Even before the pandemic, there were concerns about the gaps in education and training for children and young people. But in the words of UNICEF, COVID-19 has “exacerbated the learning crisis”. One in seven children globally have missed more than three quarters of their in-person education.
The ramifications are significant – for young people’s personal development, for their ability to acquire skills, and for the impact this will have on the global workforce and, by extension, the economy. So, it’s little wonder that many are warning of a generation lost to the pandemic and how this disruption might impact their ability to support the economic recovery.
As the UN noted ahead of today’s World Youth Skills Day (15 July), “In post-COVID-19 societies, as young people are called upon to contribute to the recovery effort, they will need to be equipped with the skills to successfully manage evolving challenges and the resilience to adapt to future disruptions.” This underpins why we must consider exactly what skills young people require and where the responsibility lies in ensuring they have the opportunity to develop them.
A new set of skills
For everyone else, the events of the last year have been a steep learning curve. Whether to take advantage of the unique opportunities of the time or simply ensure survival, businesses have needed to make faster decisions to adapt to the rapidly evolving situation. A crucial facet of this, from CEO down to entry level graduate, has been the ability to read and understand data. This trend is here to stay as organisations respond to longer-term changes in working practices and consumer behaviour. As the next generation of talent enters the workplace, they will be expected to respond to these changes by quickly interpreting information and making decisions.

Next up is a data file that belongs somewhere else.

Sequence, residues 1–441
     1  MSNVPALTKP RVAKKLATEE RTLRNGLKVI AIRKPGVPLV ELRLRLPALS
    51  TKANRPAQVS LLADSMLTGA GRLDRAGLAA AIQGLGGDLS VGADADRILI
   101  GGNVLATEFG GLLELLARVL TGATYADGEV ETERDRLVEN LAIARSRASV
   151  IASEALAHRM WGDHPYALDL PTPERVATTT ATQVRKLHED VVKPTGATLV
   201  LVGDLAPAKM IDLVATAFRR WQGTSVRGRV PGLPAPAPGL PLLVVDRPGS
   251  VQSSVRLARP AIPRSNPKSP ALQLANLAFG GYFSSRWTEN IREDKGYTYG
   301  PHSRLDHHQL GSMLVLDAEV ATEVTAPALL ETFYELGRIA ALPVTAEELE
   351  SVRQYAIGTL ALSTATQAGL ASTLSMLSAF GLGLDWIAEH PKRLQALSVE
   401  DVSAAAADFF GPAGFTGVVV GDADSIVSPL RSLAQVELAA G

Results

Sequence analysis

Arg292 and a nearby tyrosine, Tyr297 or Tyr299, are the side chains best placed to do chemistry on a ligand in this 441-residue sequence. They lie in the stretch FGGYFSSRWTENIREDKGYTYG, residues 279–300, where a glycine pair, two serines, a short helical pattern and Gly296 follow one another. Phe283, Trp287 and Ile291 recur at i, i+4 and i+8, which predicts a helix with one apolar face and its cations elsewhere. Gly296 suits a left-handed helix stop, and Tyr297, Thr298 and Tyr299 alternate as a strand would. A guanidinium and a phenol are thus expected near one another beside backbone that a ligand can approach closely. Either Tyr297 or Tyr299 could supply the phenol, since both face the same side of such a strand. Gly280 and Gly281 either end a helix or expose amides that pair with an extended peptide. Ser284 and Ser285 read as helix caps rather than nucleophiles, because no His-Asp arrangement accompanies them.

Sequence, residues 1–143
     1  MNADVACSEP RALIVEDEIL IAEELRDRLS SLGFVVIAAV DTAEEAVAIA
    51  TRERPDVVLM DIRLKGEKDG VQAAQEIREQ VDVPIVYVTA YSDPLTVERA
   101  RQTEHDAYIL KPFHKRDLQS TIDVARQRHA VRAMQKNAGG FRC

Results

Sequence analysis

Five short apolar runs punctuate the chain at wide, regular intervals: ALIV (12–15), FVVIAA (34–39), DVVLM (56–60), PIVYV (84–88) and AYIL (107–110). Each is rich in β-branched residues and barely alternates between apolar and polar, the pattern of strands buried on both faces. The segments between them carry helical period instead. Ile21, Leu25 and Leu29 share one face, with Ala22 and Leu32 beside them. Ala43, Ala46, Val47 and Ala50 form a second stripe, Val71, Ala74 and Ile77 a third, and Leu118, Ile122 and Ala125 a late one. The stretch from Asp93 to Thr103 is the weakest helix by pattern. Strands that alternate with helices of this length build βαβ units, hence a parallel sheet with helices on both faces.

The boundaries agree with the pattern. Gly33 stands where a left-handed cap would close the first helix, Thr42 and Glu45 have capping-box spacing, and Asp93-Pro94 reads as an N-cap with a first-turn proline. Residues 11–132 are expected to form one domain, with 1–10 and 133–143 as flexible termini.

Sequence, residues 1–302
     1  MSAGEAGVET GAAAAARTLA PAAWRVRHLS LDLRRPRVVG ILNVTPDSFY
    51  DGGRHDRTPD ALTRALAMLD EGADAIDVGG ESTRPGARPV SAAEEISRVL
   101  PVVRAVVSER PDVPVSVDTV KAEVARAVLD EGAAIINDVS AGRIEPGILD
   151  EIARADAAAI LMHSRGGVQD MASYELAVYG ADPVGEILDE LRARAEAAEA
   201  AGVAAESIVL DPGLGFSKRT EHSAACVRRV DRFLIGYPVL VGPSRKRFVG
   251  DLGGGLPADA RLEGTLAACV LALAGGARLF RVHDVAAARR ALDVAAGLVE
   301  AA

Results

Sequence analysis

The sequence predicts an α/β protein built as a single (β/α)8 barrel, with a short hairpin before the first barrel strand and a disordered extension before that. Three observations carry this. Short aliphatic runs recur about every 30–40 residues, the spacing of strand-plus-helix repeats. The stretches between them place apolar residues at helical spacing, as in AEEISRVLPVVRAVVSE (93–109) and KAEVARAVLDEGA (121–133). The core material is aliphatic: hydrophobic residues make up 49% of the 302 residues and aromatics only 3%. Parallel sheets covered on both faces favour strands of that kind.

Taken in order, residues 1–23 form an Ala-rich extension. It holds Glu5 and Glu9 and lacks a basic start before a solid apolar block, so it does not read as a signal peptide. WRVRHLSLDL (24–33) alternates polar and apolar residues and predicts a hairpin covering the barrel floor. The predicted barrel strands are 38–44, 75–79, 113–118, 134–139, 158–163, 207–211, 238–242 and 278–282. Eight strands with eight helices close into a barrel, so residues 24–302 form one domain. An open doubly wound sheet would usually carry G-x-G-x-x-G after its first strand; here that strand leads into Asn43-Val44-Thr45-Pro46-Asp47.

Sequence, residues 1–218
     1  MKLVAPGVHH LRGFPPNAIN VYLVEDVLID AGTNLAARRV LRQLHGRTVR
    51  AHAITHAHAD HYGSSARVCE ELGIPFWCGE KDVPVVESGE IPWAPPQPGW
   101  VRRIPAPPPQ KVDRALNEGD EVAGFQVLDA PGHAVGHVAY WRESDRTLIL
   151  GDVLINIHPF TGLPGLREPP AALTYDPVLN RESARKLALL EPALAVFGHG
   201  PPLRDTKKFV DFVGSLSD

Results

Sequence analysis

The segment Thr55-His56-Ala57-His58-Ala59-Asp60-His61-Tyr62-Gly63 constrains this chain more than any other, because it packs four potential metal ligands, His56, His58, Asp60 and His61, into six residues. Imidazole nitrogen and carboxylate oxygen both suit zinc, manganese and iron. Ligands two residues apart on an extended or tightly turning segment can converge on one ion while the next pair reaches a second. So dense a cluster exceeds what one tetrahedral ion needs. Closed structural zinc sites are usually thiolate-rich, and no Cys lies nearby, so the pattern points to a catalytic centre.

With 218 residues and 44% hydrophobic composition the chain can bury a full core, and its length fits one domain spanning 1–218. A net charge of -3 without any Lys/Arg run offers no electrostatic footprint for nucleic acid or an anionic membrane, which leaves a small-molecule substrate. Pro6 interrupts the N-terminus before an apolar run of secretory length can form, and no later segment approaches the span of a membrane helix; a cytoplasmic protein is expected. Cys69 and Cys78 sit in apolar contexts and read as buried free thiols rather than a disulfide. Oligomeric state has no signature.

Businesses are therefore increasingly relying on their capacity to realise the value of the data they hold. To do that, they need workforces equipped to read, understand, question and work with data – to be data literate. Yet the Qlik and Accenture Human Impact of Data Literacy report revealed that “only 16% of employees below the junior manager level felt fully prepared to use data effectively when entering their current role.”
This shows that what employers need and what new joiners can offer are often quite far apart when it comes to data literacy. Ultimately, businesses can provide their young employees with all the data in the world, but it’s only valuable when they know how to use it to inform decisions and take action.
Ultimately, businesses can provide their young employees with all the data in the world, but it’s only valuable when they know how to use it to inform decisions and take action
If people are entering the workforce ill-equipped, does this limit the ability of the business world to recover and build the resilience to adapt to future disruptions? And to fix this, do we need to look back in their development pathway to empower them with the necessary data skills?
Those considering answers to these questions will naturally look to the education system. However, upskilling the workers of tomorrow is a joint responsibility taken on by educational institutions, businesses and governments: